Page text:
Integration is the Key for Teacher Leadership & Compensation (TLC) Success

During the month of March, the TLC teams will be announced across the state of Iowa. The following are my recommendations to those teams, as they plan their strategies to implement teacher leadership.

To be successful, I believe the process must be an integrated approach that incorporates the current initiatives in each school and district. This is an unprecedented opportunity to leverage current initiatives with support. This new leadership format must not be another layer of bureaucracy, telling teachers in the classroom what to do. It must be a partnership with classroom teachers that focuses on helping individual students achieve their potential.                  

To be successful, I believe the following steps need to occur:

  • Needs assessments:
    • Each school will need to assess their current initiatives
    • Identify the competencies of the leadership team and identify their strengths and weaknesses, so each team matches the professional development needed
    • Identify the student achievement focus areas that will make the biggest difference in student achievement based on individual school data
    • The needs assessment will provide for local control and will provide for differentiation for each school, and allow for buy-in
       
  • Analyze current professional development (PD):
    • Create your PD plan for the summer of 2014 for your leadership team
    • Create your PD plan for 2014-15 for your entire staff, individualizing the needs of the leadership team
    • Build capacity for the entire staff
    • Utilize statewide and AEA training and PD already in existence
       
  • Integrate the state reform efforts with your current initiatives:
    • Examples in Northwest AEA could be:
      • Peer Review – use AIW Teacher Collaboration
      • Peer Review – use Instructional Coaching (Jim Knight’s model)
      • Early Literacy – use FAST and IGDI
      • Early Literacy – use Reading Recovery and CIM training
      • Classroom Observations – use Instructional Rounds by Elmore
      • Classroom Strategies – use APL training, Essential Elements of Effective Teaching
      • Classroom Behavior – use Positive Behavior, Interventions and Supports (PBIS)
         
  • Identify specific instructional areas of need:
    • Identify Problems of Practice in individual buildings (Superintendents' Network and Elmore Project)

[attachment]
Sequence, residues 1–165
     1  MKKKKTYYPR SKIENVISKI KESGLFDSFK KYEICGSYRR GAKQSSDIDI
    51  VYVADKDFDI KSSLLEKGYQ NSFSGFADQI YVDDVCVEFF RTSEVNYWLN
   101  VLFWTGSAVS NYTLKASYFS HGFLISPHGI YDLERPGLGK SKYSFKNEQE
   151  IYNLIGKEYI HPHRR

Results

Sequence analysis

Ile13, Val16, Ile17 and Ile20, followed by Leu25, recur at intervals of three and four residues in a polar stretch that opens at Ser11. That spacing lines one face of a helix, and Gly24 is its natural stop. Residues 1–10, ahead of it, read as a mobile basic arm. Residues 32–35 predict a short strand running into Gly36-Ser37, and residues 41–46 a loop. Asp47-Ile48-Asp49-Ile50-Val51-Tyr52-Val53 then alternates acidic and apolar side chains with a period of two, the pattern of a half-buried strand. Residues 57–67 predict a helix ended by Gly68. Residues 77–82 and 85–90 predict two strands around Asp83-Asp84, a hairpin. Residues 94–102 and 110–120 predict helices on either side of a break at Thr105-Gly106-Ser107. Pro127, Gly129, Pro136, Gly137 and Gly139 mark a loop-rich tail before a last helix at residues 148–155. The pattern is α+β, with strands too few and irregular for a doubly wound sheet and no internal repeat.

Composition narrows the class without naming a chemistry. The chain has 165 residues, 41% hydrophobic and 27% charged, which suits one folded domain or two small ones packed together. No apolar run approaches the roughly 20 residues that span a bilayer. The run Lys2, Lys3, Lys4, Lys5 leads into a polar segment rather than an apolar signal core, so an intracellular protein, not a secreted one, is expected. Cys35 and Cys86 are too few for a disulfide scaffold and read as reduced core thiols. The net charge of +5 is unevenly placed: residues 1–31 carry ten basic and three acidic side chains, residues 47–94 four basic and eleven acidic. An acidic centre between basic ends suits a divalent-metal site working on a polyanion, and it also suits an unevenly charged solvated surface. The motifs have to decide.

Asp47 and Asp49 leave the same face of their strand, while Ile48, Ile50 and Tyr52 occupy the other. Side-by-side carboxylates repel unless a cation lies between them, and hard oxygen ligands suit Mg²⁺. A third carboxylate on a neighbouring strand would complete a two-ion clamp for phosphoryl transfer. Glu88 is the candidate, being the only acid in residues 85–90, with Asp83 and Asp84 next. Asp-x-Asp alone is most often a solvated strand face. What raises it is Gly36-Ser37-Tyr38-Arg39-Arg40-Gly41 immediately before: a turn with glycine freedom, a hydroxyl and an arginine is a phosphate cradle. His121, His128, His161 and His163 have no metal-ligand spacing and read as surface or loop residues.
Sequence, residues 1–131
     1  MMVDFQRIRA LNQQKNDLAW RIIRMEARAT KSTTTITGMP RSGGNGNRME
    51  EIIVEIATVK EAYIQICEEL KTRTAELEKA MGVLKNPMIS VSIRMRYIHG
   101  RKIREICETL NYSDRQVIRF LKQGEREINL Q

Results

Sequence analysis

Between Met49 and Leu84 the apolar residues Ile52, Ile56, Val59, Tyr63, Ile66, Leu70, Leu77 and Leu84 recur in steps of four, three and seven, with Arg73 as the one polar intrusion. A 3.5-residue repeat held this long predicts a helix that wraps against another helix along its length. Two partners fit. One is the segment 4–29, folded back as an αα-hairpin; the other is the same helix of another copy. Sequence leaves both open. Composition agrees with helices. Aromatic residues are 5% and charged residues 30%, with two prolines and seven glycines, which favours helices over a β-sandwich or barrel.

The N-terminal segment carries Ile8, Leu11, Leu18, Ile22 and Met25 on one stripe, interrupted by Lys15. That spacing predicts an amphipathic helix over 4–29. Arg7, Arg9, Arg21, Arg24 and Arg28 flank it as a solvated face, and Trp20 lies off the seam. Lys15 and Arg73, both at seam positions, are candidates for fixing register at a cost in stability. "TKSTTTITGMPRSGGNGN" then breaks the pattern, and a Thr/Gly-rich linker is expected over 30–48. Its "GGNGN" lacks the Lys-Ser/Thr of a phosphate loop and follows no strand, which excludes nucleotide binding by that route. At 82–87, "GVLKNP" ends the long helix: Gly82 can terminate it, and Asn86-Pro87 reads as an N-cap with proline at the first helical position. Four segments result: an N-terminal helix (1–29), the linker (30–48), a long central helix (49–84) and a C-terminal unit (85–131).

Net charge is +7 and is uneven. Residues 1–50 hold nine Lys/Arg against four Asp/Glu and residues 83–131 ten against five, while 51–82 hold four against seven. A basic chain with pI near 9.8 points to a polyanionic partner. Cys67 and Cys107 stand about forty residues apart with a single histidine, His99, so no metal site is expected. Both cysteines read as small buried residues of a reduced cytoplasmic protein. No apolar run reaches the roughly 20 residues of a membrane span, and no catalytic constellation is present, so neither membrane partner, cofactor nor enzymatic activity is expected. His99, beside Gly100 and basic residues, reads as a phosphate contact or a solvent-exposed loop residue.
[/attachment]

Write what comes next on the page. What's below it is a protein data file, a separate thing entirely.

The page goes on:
• Analyze student data and focus on the lowest 25-40% for interventions (Multi-Tiered System of Support - MTSS)
    • Individualize and differentiate for students – the goal is to have an IEP for every student
    • Provide Iowa Core Deeper Investigations to all Leadership Team participants
       
  • Prevent Initiative Fatigue:
    • Three essential resources – need to consider all three:
      • Time
      • Money
      • Emotional energy – your staff can only focus on so many initiatives – choose wisely
         
  • Substantial support and help to the classroom teachers – focus on sustainability:
    • This new leadership structure should NOT be more people telling teachers what to do; instead, help them and support them in their classroom
    • Help students achieve at a higher level
    • Mobilize teachers to help teachers
    • Have consultants from the AEA helping teachers, and serving as part of the Leadership Team, similar to Child Find
    • Take a collaborative approach that forms partnerships with the leadership team and classroom teachers
       
  • Instructional Coaching as a partnership helping classroom teachers
     
  • Teacher collaboration stressed:
    • AIW – allow teachers to lead their own learning

These are some of the components that can make your TLC implementation effective, and help students achieve. Each individual school needs to be very cognizant of how this process works in each building. The Leadership Team members need to identify their needs and make choices that will work for their individual building. They can choose from an inventory of options provided statewide and in their AEA.

A word of caution: Remember to take your time, because the things you set up now will be incorporated in your practice for the foreseeable future. Be flexible enough to change your practices in the future. Northwest AEA is here to help you create and make your process flexible.

Good luck on this exciting opportunity to leverage the tools needed for your students to expand their learning!

PLCs at Northwest AEA
On another note, I would like to thank all of the employees at Northwest AEA who share their knowledge through their own Professional Learning Communities (PLCs). This month, we explore "RtI Birth to Five" by AEA employees Brenna Franken, Staci Gallup, Joan Hohl, Brenda Jenkins, Sue Moran, Laura Ocker, Anna Schmadeke and Julie Tucker.

To learn more, see the Northwest AEA PLC work here: https://sites.google.com/a/nwaea.org/northwest-aea-plcs---2012-13---public/

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Educationally yours,

Dr. Tim Grieves
Chief Administrator